Buyers looking for a new house typically want to find the perfect house, in the perfect location, and of course, in the perfect condition. This is normal. Who wouldn’t want everything to be just perfect? However, reality sets in when you need to start matching your housing budget to the market conditions. Here is some simple advice to help you make sensible choices.
Think in terms of location, the size and floor plan, and the property condition. Location is impossible to change. The size and floor plan can be changed but are very expensive to do so. The home’s current condition is the easiest and least expensive to upgrade and can be done over time. I like to use the analogy of a three-legged stool. The more you can keep the three legs in balance, the happier you will be. If you sacrifice too much on one of the attributes you may find things are too out of balance. Trying to maintain this balance is super challenging, especially when you are slightly priced out of your favorite neighborhood. As you can imagine, in our pricey DC metro area this happens all too often.
Good Rule of Thumb
Generally, I strongly recommend not to buy a house that you already know is too small or that requires more renovation work than your budget can handle. This will only lead to frustration. If the house is too small, you’ll feel you’ve outgrown it shortly after moving in. If the house needs too much work and you don’t have the budget, it will most likely never get done. As you live with the defects, they may cause more stress than you anticipated. The purpose of owning a home is to make your life better. If you compromised too much, that may not happen.
Sometimes I see young couples who want to buy a small house and then trade-up as their family grows. I get that. Who wouldn’t want to live in the hottest neighborhoods when they are young? Just remember, moving is expensive and stressful. The less you do it, the better.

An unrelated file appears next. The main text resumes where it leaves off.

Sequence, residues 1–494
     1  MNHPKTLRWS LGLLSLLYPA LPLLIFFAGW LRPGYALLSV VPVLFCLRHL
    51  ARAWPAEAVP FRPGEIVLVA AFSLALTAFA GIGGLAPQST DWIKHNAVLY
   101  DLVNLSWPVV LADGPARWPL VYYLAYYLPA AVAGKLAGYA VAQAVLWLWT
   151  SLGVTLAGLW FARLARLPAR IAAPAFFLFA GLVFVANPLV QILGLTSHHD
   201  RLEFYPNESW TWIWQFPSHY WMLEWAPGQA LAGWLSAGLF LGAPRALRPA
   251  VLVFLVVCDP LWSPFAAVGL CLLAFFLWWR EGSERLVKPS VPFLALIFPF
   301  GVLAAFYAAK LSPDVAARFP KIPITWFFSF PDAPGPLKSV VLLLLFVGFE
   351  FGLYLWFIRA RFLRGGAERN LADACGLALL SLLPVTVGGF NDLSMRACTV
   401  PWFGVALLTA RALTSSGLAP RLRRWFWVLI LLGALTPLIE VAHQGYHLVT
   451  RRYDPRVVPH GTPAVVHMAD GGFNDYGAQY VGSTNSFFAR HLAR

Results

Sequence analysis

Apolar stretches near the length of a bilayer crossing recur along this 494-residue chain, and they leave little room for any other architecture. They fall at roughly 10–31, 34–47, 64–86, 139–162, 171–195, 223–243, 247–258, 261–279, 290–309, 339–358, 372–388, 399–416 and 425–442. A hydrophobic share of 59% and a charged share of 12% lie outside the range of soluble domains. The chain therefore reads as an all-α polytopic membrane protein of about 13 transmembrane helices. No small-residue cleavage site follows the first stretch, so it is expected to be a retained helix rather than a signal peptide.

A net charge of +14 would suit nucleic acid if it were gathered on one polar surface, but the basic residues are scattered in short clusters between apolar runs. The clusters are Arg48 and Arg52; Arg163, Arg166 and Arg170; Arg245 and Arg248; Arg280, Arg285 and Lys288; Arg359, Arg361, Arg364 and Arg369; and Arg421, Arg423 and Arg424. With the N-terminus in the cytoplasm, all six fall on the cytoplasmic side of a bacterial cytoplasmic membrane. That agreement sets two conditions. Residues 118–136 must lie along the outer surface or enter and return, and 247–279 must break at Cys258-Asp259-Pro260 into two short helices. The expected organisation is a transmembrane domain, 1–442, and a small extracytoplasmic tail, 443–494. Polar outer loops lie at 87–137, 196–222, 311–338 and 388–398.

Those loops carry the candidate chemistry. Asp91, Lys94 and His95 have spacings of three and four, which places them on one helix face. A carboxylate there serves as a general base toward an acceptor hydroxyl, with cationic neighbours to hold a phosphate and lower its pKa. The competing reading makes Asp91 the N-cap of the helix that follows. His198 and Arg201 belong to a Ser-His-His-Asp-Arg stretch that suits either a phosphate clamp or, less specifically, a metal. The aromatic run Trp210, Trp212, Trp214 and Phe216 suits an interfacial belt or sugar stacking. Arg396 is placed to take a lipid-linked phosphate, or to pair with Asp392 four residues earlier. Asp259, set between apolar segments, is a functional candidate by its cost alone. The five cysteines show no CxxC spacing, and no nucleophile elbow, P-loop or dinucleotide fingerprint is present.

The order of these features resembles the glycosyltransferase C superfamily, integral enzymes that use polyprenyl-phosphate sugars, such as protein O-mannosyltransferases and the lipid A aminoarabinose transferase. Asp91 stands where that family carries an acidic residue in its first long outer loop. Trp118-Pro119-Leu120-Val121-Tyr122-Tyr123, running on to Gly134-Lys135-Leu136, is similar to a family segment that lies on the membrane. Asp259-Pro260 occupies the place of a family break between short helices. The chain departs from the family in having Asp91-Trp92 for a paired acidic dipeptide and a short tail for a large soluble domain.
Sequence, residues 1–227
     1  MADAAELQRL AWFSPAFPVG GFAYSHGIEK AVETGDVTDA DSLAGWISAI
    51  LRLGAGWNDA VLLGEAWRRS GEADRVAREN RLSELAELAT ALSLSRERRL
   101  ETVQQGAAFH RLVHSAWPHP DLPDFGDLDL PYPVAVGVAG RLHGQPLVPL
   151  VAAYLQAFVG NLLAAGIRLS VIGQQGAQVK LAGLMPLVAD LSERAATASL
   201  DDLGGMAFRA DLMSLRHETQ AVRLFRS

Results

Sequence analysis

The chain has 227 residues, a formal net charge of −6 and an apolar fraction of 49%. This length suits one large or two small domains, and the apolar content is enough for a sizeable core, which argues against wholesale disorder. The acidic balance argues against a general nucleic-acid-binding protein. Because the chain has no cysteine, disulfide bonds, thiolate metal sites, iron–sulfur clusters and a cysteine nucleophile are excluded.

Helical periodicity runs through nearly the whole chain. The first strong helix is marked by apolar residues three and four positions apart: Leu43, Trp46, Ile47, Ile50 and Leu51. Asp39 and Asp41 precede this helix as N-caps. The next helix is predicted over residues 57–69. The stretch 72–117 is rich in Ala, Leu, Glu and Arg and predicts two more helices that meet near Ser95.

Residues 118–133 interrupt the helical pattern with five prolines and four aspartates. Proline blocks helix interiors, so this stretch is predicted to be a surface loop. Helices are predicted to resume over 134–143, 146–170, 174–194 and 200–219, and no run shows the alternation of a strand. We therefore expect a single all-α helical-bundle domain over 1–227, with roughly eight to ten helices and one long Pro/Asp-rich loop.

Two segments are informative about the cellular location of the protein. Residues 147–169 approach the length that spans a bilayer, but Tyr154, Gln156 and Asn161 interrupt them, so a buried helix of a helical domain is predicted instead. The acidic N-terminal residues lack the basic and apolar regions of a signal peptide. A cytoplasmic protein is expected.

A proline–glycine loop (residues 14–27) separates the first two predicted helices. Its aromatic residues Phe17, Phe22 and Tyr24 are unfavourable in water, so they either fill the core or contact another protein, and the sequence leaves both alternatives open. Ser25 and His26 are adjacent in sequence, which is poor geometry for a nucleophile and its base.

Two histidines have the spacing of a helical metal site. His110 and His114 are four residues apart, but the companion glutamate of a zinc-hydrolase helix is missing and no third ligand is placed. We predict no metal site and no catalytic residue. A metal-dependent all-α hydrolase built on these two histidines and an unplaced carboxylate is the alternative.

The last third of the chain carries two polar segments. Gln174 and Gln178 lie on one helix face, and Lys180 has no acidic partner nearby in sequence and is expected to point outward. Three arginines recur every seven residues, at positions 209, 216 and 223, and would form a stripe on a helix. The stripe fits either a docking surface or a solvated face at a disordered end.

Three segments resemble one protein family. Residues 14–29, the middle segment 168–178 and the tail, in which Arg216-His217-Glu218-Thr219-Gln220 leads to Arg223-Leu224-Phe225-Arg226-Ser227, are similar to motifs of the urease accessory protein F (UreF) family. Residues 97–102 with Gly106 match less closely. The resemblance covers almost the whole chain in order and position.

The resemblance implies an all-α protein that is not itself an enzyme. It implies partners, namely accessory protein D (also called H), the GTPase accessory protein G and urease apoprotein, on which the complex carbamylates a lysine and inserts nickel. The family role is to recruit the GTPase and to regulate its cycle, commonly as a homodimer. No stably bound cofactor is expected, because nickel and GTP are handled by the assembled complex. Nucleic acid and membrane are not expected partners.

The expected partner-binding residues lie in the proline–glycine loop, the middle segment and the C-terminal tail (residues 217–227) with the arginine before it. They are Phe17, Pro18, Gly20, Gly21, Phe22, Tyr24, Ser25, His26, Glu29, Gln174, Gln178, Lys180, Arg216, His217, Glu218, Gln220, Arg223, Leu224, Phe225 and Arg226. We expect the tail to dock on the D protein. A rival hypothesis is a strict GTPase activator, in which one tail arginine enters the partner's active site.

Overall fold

Once you buy the house, there are certain things you can change more easily than others. The trick is to think through your future budget. If you income levels are likely to grow substantially, you could be OK with a smaller house as long as it’s on a large lot that affords you the ability to expand. Keep in mind that expanding the footprint of the house will be very expensive. But it could be the right compromise if your budget is limited today and location is a top priority for you.
A larger house in the right location, but in a less desirable condition, can work as well. Ideally, you at least want the house to be clean and reasonably maintained. Cosmetic upgrades to kitchens, bathrooms and the interior and exterior of the house can all be accomplished in time, as your budget allows. This approach will also allow you to continue to build the resale value of the house.
To summarize which features are associated with each attribute, I’ve prepared the following list:
- Location – includes commute time, school district, walkability, access to public transportation, the lot size. Remember that none of these things can be changed.
- Size and Floor plan – includes number of bedrooms and bathrooms, size of the house, age, style, size of the kitchen, bathrooms, and closets. All these features can be changed but involve structural changes and can be expensive.
- Condition of the house – refers to updated kitchens and baths, landscaping, condition of floors, windows, roofing and heating and cooling systems. All these things can be changed piece-meal, as the budget allows.
- Most importantly, know yourself. Everyone needs to make trade-offs. Make sure you choose the ones that are most important to you.